I knew I wanted a walrus with a name that started with a “W”. I looked up names in several name books. Waneta appealed to me and I had never heard of that name before. After researching the name the interesting thing that I found was that there actually was an American Indian in our country’s history with that name, who incidentally fought with the British against the United States but later in life changed his sympathies somewhat. The name Waneta translates to “shape shifter” or “charger”. There were also two naval ships with that name. I added the sub title of “and her blue tu-tu” to differentiate between that story and other Waneta Walrus stories in the future. It seemed appropriate since this story tells how she came to want a tu-tu and how she received it in the end.
What was the most difficult thing/scene to write in this story?
The most difficult scene to draw was the shark in two different pages. I was worried on the one page of the shark teeth being too scary for some children as sharks do have sharp teeth and that can be scary. But it was integral to the story as the shark was chasing and trying to eat Waneta. The other page I had to show how Waneta swirled and danced so effectively that she wore out the shark and was able to get away. How do you show in a drawing that a shark is exhausted from the chase? Well, you take liberties and give the shark a pink tongue hanging out. Everyone knows sharks do not have tongues, especially ones that hang out. But that along with the eyes closed, you just seem to know the shark is exhausted.
Have you started your next project? If so can you share a little bit about your next book?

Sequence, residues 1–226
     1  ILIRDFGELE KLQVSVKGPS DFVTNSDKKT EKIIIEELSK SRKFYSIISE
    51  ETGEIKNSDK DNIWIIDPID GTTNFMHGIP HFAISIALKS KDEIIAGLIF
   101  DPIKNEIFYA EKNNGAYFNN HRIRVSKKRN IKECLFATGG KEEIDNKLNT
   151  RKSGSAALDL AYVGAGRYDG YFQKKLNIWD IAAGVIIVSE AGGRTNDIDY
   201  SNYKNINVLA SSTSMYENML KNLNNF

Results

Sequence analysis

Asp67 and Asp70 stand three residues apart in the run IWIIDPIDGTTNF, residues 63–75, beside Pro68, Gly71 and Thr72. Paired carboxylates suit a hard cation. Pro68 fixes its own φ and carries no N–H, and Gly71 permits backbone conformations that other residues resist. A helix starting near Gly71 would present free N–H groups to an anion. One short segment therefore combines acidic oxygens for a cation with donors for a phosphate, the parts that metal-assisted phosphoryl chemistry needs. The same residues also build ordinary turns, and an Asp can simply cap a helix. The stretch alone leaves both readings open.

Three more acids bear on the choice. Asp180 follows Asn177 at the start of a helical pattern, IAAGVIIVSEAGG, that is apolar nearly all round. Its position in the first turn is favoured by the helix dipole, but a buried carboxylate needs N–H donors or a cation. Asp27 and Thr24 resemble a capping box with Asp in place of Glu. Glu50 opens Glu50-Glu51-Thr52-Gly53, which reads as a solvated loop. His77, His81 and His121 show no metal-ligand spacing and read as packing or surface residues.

My next Waneta story won’t be out for probably a year from now. I have it written already, but it’s the illustrations that take the longest time to do. It’s the story of how she meets her best friend by saving him. The two will also go on to have other adventures together in other future stories.
Were there any unexpected problems that popped up during the writing or publishing process? If so how did you fix them?
Yes. The biggest problem (and most time-consuming to fix) was the fact that I did not understand about DPI (dots per inch). Something that in digital books isn’t too much of a problem, but in the printing of the books seems to be a major thing. The program I used to draw the book was in 96 DPI. The basic requirement for printing is 300 DPI. I had to basically use a different program and cut and paste the old pages in. Then re-trace every picture and re-color them along with removing the words and re-writing them in the new program. A very time consuming mistake that anyone who is thinking of making a children’s picture book as an indie author and illustrator should know and understand before starting a digital drawing process.
If you could jump into any book, and live in that world, which would it be?